“I did what I needed to.” Wanted to was closer, but I'm not lying. Without the money from the fights I'd likely still be here, working the same grim streets. Trish's expression lessens, but the anger still remains, like me it was an emotion that claimed her far too easily.


“Mhm.” Pursing her lips she turned, “Come on, lets go inside, not liking all these ASSHOLES GAWPIN' AT ME!” She shouted at the few men lingering nearby, watching with perverted fascination as she stands in plain view thin layers of fabric barely covering her modesty. The two of us headed back into the building, I nodded to one of the women I remembered and was rewarded with a smirk.


The inside of the Brothel hadn't changed, sure a new lick of paint covered the pocketed walls and a few new flowers dotted the tables, but the soul of the place wasn't any different. It still reeked of desperation, sweat and shame. I watched as Trish guided me through the all too familiar hallways, her gait as efficient as ever, never looking back nor glancing into the rooms we pass, no matter the multitude of sounds that oozed from open doors. We quickly found our way to her room, if it could be called that, a singular bed with stolen silk sheets surrounded by a few small boxes filled with personal items. Still, it was a roof.


I'd barely closed the door before she started.


“Why now Elliott?” She was pulling a long shirt over herself as she spoke, “You've been gone for months and now you walk back up here, bold as brass! Why?” I had to give it to her, she was sharp.


“Mike, he's been taken.” I spoke plainly, leaning on the door and allowing the weight of those words to wash over me. “I don't know who by, but the Gregories were involved. I need more info...”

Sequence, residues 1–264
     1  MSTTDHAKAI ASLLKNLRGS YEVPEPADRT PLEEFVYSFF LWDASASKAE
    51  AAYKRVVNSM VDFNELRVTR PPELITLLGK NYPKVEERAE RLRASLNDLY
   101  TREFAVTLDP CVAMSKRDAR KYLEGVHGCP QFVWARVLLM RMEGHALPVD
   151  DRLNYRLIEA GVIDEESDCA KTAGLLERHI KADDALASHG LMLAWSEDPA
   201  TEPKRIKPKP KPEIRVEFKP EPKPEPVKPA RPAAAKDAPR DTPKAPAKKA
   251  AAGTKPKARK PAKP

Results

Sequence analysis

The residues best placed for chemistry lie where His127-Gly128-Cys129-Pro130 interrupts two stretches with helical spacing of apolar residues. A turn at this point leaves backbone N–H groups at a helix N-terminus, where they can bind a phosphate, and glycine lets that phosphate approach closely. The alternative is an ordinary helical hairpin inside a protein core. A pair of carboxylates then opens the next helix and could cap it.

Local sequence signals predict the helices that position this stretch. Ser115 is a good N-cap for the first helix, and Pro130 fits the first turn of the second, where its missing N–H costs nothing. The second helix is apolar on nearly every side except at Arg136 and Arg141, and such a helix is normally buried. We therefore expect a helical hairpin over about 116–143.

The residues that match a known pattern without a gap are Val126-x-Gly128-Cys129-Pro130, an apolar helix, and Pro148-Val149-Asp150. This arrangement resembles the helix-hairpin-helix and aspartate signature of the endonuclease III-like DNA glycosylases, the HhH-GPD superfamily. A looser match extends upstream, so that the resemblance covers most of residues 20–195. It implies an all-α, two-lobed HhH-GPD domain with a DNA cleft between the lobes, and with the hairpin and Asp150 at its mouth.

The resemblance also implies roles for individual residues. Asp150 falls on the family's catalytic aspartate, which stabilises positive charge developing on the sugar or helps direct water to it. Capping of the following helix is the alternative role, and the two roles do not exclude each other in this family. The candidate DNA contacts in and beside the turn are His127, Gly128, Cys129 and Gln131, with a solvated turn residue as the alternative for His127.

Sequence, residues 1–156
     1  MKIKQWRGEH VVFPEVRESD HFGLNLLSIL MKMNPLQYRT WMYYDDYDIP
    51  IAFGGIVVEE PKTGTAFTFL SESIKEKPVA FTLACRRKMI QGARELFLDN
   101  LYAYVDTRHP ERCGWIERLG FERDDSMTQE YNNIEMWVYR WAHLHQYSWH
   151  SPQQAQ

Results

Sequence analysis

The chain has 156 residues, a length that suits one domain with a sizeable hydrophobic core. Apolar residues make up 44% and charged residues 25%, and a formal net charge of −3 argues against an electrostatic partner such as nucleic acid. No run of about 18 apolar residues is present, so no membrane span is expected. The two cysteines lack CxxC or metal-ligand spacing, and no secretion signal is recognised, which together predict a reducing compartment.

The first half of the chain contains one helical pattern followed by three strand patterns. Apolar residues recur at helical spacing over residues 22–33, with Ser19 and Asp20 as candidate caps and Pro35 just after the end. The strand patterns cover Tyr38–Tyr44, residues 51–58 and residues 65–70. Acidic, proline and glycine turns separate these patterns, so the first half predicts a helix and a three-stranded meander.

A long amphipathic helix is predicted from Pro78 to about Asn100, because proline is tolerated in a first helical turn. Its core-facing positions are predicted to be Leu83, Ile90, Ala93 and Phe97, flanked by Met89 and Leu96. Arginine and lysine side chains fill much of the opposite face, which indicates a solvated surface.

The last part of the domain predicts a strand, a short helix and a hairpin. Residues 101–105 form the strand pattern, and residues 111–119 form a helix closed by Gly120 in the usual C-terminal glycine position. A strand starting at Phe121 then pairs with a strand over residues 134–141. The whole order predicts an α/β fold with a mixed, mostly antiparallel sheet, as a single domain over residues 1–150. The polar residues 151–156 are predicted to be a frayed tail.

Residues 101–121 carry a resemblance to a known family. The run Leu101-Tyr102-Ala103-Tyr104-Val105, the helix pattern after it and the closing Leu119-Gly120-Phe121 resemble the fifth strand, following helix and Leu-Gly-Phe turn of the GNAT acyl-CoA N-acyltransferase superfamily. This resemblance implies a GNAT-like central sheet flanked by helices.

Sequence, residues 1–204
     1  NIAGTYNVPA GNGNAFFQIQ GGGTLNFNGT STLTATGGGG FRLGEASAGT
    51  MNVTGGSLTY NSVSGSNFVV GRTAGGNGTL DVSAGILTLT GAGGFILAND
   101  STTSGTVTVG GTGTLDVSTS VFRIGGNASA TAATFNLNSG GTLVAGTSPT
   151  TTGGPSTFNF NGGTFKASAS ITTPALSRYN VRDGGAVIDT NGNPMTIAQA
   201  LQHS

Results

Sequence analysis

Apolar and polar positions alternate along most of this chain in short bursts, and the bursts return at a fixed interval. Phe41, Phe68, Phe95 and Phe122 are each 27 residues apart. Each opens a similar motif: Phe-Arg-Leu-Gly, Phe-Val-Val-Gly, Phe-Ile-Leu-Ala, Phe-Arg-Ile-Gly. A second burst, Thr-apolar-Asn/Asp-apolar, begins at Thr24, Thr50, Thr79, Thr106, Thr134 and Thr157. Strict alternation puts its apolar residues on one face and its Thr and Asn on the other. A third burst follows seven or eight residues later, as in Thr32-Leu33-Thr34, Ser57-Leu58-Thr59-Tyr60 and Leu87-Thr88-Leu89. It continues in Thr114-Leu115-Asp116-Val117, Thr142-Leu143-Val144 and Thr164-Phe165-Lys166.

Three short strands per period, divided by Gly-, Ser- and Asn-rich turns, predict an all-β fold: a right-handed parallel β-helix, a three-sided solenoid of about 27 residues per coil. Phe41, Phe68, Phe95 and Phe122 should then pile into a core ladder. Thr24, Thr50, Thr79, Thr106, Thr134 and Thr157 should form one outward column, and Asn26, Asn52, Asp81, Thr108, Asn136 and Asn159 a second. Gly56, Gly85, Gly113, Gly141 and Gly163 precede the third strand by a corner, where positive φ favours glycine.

The last few words were more for me than her, it occurred to me I had very little idea where to start.


“Jesus.” Her muted anger melted into concern, slumping down on the edge of her bed. “What did he do?”


“Nothing, it's what I did.” I shifted in place, the room was a little too familiar for my liking. “There were a few fights I was supposed to lose, I didn't.” She shook her head, just like Mike.


“Sounds about right for you.” She blinked slowly as she spoke, as if fighting sleep. “You always put your fucking pride first.” As usual, she was far from wrong. In the past I had spent a couple of years living in the same building I stood in now, though then I worked here rather than stopping by. Used to be I was the closest thing this dump had to protection, though that was on the good days. Bad days were different, caused by me saying the wrong thing to the wrong people, stepping up to those I should have bowed to. Left me in rooms like this, dressed like her. Never again.